Photo: Georgia O’ Keefe, The Paradise Lost and Find
Introduction by Ion Soteropoulos
Apeiron Centre presents the mind-invigorating lecture "The Way to Eudaimonia: Protreptic Ethics at the Origins of Western Philosophy" delivered by Aikaterini Lefka to the Ph.D. students' seminar on "Happiness" of the Universidad Nacional Mayor de San Marcos of Lima, Perou on the 27th of June, 2020.
Through her lecture, we learn that according to Aristotle, the search of eudaimonia (happiness) as the ultimate objective of human life on the individual and public level, is not merely the search of a good life but the search of the best life, which implies the notion of the maximization of the material and mental qualities of life. Moreover, we do not only search the best life, the life that gives us by the maximization of its qualities complete satisfaction but also we search in the overall, a stable and balanced life, which is the product of being equidistant from the extremes, for example from the excess and the defect, which are opposite versions of disequilibrium and inequality.
The psychological and social emotions that arise from the best life and the overall stable and balanced life defines the ideal state of eudaimonia on the individual and collective level. Because best life and balanced life are common objectives in different cultures and civilizations, for example in Indian and Chinese civilizations, Aikaterii Lefka postulates the eventuality of the existence of “universal ethics” transcending our cultural differences.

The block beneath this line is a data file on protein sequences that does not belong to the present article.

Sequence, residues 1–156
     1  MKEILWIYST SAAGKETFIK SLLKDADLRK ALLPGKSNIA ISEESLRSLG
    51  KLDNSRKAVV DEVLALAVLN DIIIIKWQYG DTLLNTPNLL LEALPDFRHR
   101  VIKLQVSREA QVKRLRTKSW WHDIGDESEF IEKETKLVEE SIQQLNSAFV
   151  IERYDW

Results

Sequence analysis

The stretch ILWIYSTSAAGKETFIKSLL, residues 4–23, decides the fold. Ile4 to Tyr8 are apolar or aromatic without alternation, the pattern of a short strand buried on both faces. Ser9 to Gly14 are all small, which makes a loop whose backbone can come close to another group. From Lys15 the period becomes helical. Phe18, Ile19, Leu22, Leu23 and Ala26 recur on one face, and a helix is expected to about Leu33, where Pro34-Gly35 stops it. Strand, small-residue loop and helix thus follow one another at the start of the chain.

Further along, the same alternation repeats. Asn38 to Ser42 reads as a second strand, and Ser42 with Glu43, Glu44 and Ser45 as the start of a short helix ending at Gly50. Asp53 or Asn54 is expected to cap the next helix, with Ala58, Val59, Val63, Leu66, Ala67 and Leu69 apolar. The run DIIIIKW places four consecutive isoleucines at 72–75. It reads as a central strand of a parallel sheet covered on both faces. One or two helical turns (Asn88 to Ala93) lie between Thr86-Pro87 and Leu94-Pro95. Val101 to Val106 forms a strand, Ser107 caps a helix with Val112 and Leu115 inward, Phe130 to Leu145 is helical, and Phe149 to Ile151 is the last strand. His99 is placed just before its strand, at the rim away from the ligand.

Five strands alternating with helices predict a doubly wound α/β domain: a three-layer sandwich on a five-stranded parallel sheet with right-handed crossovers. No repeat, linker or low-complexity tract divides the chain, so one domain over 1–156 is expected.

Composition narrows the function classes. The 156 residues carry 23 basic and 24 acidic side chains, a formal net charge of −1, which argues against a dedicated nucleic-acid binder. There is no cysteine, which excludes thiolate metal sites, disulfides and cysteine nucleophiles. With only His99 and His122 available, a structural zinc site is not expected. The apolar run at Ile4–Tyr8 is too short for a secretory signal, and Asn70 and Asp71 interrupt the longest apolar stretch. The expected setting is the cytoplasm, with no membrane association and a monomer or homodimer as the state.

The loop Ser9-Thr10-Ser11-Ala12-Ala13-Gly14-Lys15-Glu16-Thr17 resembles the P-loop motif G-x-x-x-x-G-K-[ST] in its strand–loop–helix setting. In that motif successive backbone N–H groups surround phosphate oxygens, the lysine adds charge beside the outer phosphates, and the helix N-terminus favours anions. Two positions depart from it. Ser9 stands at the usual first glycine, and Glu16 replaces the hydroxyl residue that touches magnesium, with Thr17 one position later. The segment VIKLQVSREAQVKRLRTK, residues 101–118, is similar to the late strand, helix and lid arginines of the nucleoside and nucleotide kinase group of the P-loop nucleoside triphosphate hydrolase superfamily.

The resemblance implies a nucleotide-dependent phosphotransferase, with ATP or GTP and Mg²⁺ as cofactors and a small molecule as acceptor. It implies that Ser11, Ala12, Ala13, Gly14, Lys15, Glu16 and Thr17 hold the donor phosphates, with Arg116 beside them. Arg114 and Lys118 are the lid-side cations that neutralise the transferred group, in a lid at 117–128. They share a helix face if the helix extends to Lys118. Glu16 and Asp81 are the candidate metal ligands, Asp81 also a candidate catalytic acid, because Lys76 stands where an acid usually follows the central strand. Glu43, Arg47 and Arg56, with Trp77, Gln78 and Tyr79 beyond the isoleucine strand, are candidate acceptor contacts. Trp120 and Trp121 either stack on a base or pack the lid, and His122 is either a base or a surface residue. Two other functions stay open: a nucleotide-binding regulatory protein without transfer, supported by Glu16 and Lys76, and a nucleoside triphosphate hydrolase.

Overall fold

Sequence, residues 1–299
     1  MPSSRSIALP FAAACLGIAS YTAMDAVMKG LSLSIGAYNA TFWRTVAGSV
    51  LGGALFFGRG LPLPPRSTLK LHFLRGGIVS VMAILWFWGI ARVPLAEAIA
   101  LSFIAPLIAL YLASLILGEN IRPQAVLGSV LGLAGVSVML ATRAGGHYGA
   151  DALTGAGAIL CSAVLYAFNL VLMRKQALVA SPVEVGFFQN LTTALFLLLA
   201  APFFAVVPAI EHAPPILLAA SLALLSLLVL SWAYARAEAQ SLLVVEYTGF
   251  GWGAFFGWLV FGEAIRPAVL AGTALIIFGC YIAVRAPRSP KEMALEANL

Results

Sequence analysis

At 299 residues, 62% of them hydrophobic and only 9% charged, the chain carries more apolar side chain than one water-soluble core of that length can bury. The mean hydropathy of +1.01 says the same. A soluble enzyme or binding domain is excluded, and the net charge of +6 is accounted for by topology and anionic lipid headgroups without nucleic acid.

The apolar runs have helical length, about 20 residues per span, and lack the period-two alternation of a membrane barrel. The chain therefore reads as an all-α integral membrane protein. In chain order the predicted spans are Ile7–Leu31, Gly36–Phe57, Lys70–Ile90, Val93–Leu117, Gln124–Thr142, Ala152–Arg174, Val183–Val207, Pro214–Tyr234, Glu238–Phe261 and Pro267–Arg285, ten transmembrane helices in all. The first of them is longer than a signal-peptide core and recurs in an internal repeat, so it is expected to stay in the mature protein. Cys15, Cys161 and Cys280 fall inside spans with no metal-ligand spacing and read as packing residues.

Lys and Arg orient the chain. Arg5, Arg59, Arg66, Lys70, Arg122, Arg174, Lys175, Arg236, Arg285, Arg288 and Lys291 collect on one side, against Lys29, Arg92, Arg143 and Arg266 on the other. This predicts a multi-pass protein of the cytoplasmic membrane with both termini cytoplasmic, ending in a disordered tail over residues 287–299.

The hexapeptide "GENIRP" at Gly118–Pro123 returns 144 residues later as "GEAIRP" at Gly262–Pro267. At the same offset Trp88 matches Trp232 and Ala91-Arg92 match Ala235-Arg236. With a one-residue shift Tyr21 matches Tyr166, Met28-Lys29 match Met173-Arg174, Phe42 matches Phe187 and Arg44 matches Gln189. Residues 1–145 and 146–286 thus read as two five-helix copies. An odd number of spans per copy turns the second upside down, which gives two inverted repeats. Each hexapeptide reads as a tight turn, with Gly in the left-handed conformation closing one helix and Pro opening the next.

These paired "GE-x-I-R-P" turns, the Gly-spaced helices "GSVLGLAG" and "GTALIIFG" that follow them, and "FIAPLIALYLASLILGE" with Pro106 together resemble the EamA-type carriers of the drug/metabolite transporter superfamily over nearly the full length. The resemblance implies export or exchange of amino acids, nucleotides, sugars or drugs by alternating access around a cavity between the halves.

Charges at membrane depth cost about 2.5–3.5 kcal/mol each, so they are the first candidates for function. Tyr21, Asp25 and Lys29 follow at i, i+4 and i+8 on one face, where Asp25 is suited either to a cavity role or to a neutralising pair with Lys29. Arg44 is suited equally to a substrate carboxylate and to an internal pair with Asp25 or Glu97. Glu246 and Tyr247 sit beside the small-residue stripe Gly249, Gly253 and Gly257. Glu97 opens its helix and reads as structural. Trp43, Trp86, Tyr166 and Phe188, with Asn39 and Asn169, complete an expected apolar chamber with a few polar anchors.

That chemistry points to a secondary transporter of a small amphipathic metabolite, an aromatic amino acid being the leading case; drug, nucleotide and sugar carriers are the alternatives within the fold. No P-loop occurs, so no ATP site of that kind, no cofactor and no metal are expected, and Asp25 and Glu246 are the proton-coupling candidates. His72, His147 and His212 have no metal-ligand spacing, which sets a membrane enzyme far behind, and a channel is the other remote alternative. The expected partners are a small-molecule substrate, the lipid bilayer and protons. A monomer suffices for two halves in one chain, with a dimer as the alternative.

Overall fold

Comparing the idea of eudaimonia with our actually unbalanced and highly unstable society, we pose the question of how can our current accelerating society can catch up with the ideal state of happiness.
When contemporary scholars study the first Greek (and European) thinkers, their most current attitude is to concentrate on their ontological and epistemological theories, paying little or no attention at all to their ethical or political positions.
It is true that ethical and political ideas cover a minor part of the fragments we possess. Moreover, they often take up a peculiar form, which has been characterized as “non- philosophical”, because it isn’t deductive, empirical or clearly founded on rational arguments: they resemble rather some common sense advice offered by the elderly members of a community.
But are these precepts indeed to be taken so lightly?
In my lecture, I intend to make an analysis that hasn’t been undertaken up to now, to my knowledge, of this particular form of ethical and political ideas destined to help people to achieve concretely a life as good as possible (eudaimonia), in order to prove that: a) these concepts are founded on a philosophical method equivalent to the one resulting in the cosmological theories of the archaic period; b) their form, inspired by the oracles, is chosen deliberately in order to astound, to help memorization in a largely oral cultural environment, and to encourage the personal activity of rational interpretation, which may lead to multiple results, underlining the liberty of thought. These precepts become therefore an expression par excellence of protreptic ethics.
I shall finally cite some representative examples of the ethical and political maxims attributed to the “Seven Sages” (of which Thales), to Pythagoras and to Democritus, to illustrate this particular link between theory and practice at the origins of Western philosophy.
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